Miriam Shlesinger |
Lexical variety in interpreted vs translated outputs: a corpus-based study
Two recurrent aspirations have figured in Interpreting Studies in recent years: (1) the hope that research on translation and on interpreting will enrich each other; and (2) the call for ever more empirical research (Gile 2004). The study reported here was conducted in response to these two themes.
Corpus-based Translation Studies has used machine-readable corpora to arrive at generalizations about language in use rather than language systems in the abstract, and to discern features of translation that are independent of any particular language pair, text type, translator, or historical period. Few corpus-based studies, however, have attempted to discern features of translation in relation to modality; i.e. to pinpoint features of interpreted – as opposed to translated – texts, so as to refine the largely intuitive knowledge about properties of interpreted outputs as such. The presentation will focus on this modality-specific distinction. Based on two fully tagged corpora, matched in every respect except modality, and using the methods of statistical analysis reported in Kanter et al. (2006), it investigated (1) type-to-token ratios; and (2) function- to content-word ratios; as well as (3) hapax legomena in the respective corpora.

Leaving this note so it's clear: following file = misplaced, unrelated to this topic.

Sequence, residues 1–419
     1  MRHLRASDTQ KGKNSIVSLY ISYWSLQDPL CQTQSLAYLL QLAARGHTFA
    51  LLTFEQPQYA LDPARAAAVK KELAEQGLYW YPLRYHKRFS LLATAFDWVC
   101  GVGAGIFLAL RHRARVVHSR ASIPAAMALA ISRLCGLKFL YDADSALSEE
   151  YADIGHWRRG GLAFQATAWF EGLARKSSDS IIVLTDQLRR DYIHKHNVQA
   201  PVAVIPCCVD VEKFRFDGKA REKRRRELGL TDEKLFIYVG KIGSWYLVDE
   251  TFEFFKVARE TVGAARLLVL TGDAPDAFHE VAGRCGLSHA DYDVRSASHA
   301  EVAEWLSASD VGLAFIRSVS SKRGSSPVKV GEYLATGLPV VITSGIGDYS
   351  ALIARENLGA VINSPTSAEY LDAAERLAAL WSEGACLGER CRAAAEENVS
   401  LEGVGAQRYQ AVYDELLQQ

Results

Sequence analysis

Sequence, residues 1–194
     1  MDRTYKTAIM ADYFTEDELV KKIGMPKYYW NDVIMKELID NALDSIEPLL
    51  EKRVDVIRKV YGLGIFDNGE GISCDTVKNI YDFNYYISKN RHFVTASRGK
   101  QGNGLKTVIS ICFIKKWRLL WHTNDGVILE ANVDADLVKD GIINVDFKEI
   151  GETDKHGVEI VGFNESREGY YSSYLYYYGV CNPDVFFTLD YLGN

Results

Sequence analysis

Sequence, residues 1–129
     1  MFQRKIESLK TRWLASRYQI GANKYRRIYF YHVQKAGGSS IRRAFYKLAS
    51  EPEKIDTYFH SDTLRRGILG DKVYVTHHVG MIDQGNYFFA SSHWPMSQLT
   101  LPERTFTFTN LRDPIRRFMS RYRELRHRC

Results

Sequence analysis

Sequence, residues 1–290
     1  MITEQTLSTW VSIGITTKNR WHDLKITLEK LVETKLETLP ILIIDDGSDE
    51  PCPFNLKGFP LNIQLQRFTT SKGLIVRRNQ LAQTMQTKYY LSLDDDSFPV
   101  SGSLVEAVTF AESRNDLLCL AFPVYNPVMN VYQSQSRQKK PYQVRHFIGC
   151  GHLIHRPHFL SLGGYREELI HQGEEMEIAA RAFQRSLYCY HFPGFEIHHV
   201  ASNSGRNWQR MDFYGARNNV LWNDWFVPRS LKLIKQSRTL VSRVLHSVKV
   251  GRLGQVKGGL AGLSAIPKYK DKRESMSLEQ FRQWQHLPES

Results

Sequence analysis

This study at the interface of statistical physics, corpus linguistics and Translation Studies has produced preliminary insights into the properties of interpreted discourse, as compared with translated discourse, on the one hand, and with spontaneous speech, on the other.
Gile, D. 2004.Translation research versus interpreting research: kinship, differences and prospects for partnership. In C. Schäffner (ed.) Translation research and interpreting research: traditions, gaps and synergies. Clevedon: Multilingual Matters. 10-34.
Kanter, I., Kfir, H., Malkiel, M. & Shlesinger, M. 2006. "Identifying Universals of Text Translation". Journal of Quantitative Linguistics 13 (1).
Shlesinger, M. & Malkiel, B. 2006. Comparing Modalities: Cognates as a Case in Point. Across Languages and Cultures 6 (2): 173-193.